Friday, 29 January 2010

Test, Learn, Change, Repeat

“Company marketers will never get the data from digital marketing without testing, so I would encourage those who have not historically leveraged search, social media, mobile and other interactive advertising channels to do their homework to establish a digital marketing roadmap and start testing and capturing data.”

One thing that strikes me here is this idea of the Digital Roadmap. As mentioned yesterday by Alasdair Wightman, Chairman of awadigital, many organisations want to change their Digital Strategy overnight. I agree with Alasdair that this can't happen in a 'Big Bang' moment. Organisations needs to still adhere to the basics of Test, Learn, Change, Repeat. It's only by sticking with this philosophy that we can begin to understand what works best in practice with our audiences. This applies whether we are talking about email campaigns, site usability and even social media campaigns. It forces us to do the most important things which are to listen to what our customers are saying, and to watch what they are doing.

Alasdair was speaking at a Making Digital Work Harder for Your Business event co-hosted with

Tuesday, 26 January 2010

CRM....Keeping the Lights On

CRM is not just implementing expensive software, although a quick Google search of CRM will bring up a whole host of expensive CRM platforms ranging from to Oracle to Alterian etc. I have worked previously with an organisation who spent close to £1m on a software solution, but then realised they didn't have the marketers needed to get the best from the platform.

This is a typical example of CRM project coming out of an IT Strategy rather than a Customer Strategy. Many companies fall into this trap and implement CRM 'technologies' to aid in their quest for a 'single customer view', but Gartner suggests that over 55% of these projects fail

So what is CRM?

Ultimately it is about getting close to the customer and gaining engagement at all the possible touchpoints where a consumer comes across the brand. These touchpoints happen during the various phases of the Purchase Lifecycle from Awareness, through to Consideration, Purchase, Ownership and Repurchase.

Engagement is really about having the right conversation...and the right conversation is all about the right Content at the Right Time, delivered by the most appropriate vehicle. Now of course good software allows you hold all this content and can be used to deliver it via the right channel at a time when the consumer is the most receptive, but it needs the Customer Strategy behind it to be most effective.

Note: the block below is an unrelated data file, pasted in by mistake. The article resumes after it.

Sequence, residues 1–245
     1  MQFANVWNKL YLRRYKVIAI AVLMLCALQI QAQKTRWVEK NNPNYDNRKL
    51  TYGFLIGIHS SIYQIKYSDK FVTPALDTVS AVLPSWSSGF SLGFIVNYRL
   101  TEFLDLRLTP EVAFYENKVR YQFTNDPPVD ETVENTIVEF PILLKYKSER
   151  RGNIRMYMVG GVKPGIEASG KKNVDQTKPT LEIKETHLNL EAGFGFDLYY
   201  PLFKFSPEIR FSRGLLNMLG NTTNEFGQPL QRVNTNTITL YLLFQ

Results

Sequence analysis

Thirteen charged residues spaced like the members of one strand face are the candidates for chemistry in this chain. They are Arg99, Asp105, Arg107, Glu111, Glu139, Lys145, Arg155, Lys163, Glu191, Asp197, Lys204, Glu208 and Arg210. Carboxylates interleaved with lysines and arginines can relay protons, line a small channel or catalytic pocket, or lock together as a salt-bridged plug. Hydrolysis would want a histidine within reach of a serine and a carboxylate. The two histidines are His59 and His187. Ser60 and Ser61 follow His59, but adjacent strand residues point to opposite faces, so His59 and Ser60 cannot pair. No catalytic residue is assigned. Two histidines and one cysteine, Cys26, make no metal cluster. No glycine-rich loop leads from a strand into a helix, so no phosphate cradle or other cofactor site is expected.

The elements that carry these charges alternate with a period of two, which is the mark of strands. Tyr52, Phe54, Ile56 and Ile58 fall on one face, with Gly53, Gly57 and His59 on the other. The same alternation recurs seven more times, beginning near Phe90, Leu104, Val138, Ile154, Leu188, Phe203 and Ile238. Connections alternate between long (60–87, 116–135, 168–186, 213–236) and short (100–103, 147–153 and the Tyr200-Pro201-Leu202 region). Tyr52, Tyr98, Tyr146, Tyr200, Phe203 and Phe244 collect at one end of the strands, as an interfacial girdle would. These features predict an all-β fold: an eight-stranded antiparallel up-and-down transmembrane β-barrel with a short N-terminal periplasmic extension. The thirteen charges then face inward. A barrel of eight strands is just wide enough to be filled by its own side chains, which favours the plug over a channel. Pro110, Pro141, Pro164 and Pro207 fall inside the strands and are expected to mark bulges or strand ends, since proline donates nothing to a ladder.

Strategy is a combination of Logic and Interpretation. Computers can follow rules, but only people can interpret value, based on sound judgement and experience. The data might tell me that refining the segmentation and using the most responsive creative has reduced my ROI, but gut instinct will tell me that something else has played a part in this spurious outcome, whether that be timing or something else happening in the market.

CRM isn't run by the MI department but by the Marketing Department. The MI will tell you that you shouldn't contact lapsed customers, because well...they're lapsed. Marketing judgment presents the notion that there might be a reason as to why they are lapsed..maybe that particular segment don't buy your product as regularly as others so it might be worth pursuing them in a different way.

CRM software gives the impression that Lights Out Marketing ( everything is automated and doesn't need anyone about) is the Nirvana we all seek. Personally, I think its better to get into CRM with the lights on and my eyes wide open

Thursday, 7 January 2010

The Golden Rule of Social Media

In my opinion, Social Media is 'all about the conversation'. There can be no excuse , therefore, to ignore the real bedrock of any conversation...and that is 'Listening' .

The ability to listen to conversations already happening before you join in is key. Any brand worth its salt realises that it needs to be able to play a part in the real world of its customers. And the only way to play that part, is to understand what is going on that world. Understanding can only come though listening.

Of course listening comes in many guises. Yes, the conversations that are taking place on and off line are important, but listening also includes taking note of what is happening...customer actions often speak louder than words. So key to listening is an understanding of the insight that can be gained by looking at the data we have readily available to help us make sense of customer behaviour

''Wisdom is the reward you get for a lifetime of listening when you'd have preferred to talk.'' Doug Larson